Google Reveals Two Blockchain Projects As It Eyes Data Transparency

This week Google made known about two separate Blockchain projects it is working on: a “tamper-proof” auditing system and a cloud operations platform.

According to a patent originally filed in September 2017, plans are underway to create a so-called “tamper-evident” ledger on the basis of Blockchain.

At the same time, Google’s Alphabet Inc. conglomerate is looking to utilize the technology to create a transparent audit review platform, Bloomberg reported March 21 citing anonymous sources at the company.

Google made the headlines in cryptocurrency this month after its decision to ban all related advertisements from Google Adwords, a move which follows Facebook in January and could see Twitter follow suit by the start of April.

Because cryptocurrencies are very often an inherent part of Blockchain platforms, Google’s new ad policy would also presumably restrict the latter from publishing content on AdWords. The ethical implications of effectively banning Blockchain projects from its advertising service and at the same time working on two such platforms of its own have not yet been commented on by the company.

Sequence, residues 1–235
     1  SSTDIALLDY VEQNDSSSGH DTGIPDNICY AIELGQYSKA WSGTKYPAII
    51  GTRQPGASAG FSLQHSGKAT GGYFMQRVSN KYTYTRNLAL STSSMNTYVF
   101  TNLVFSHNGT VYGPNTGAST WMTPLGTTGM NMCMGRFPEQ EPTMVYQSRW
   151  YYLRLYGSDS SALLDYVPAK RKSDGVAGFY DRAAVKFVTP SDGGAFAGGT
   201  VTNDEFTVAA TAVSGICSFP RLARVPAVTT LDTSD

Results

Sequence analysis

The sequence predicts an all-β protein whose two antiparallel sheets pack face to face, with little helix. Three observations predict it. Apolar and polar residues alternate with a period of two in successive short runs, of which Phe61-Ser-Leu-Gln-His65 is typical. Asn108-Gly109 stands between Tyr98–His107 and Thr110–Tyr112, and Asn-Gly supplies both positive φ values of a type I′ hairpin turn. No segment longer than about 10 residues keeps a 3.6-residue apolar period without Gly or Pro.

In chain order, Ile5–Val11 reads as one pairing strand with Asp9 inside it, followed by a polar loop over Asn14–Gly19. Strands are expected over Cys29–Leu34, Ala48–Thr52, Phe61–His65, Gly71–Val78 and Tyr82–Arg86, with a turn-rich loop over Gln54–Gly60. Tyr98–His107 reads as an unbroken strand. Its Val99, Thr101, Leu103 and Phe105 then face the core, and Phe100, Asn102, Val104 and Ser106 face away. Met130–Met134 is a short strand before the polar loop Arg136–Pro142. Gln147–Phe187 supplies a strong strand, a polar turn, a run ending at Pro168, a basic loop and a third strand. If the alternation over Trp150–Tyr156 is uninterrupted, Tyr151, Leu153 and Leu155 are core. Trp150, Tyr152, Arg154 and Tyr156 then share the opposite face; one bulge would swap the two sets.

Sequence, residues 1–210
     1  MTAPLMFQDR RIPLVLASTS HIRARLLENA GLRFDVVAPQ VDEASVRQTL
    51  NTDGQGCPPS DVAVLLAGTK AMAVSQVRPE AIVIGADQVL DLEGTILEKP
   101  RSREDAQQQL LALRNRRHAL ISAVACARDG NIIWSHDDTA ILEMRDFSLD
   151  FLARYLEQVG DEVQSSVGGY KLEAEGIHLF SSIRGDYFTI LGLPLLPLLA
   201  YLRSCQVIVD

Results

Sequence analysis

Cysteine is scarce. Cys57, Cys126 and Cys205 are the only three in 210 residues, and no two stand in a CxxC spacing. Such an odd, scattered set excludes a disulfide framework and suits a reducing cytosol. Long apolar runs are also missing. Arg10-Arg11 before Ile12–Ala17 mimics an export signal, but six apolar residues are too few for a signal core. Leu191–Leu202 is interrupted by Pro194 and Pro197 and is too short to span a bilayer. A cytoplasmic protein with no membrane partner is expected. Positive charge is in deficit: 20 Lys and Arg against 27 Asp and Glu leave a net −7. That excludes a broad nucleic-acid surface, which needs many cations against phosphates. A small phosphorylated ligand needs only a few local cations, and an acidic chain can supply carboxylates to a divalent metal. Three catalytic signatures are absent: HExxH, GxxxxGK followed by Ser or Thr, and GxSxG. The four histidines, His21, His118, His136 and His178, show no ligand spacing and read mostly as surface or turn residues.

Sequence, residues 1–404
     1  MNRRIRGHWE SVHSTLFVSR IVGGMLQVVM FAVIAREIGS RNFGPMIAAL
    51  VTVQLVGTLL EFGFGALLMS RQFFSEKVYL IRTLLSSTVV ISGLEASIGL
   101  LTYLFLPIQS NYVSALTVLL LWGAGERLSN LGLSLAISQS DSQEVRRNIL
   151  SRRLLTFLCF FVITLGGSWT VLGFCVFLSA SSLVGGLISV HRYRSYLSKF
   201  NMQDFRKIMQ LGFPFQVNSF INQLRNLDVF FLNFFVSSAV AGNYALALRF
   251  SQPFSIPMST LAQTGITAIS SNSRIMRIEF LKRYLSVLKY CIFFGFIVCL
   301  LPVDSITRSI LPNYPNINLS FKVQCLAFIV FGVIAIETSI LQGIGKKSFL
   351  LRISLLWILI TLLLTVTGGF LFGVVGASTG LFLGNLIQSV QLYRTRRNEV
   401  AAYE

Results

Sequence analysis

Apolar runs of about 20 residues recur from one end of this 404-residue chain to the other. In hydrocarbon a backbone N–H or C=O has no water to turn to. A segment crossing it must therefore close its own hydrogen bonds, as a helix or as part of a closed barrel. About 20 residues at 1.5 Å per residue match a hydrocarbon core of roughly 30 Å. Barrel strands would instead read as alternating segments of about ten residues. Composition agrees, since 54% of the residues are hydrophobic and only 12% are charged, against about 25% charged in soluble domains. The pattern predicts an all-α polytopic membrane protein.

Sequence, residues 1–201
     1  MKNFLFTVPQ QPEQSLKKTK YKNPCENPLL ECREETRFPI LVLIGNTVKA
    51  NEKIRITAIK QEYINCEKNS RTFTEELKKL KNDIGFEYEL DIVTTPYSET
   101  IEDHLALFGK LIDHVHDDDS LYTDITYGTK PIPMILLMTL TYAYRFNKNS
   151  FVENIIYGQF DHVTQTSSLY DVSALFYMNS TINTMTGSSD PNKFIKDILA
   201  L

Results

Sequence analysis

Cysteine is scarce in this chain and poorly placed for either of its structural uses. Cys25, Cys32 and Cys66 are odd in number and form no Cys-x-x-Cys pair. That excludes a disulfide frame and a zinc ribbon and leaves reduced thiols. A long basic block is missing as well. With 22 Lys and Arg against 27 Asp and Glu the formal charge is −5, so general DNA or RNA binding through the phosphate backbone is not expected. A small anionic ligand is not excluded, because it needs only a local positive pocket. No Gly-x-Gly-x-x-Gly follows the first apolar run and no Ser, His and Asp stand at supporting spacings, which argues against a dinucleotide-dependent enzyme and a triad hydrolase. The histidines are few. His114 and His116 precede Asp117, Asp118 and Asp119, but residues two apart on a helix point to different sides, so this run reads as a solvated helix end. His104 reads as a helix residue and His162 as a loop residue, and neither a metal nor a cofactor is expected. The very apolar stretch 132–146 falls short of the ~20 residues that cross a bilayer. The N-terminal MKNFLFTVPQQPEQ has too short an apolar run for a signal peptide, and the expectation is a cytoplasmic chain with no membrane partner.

Enthusiasm around Blockchain nonetheless appears relentless, with Alphabet Inc. also intending to release a white label of the platform for other businesses, according to Bloomberg.

“Like many new technologies, we have individuals in various teams exploring potential uses of blockchain but it’s way too early for us to speculate about any possible uses or plans,” a spokesman told the publication speaking in more general terms.

The US patent meanwhile details plans of a more technical nature, revolving around information integrity tracking via use of two independent blockchains.

The patent’s abstract begins:

“A method of performing tamper-evident logging may include identifying an existing block in a target blockchain, where the existing block is associated with a first signature, and identifying a block of a second blockchain, where the block that is identified is associated with a second signature. The second blockchain is not a part of the target blockchain.”

No timeframe is so far available regarding a possible rollout of either product.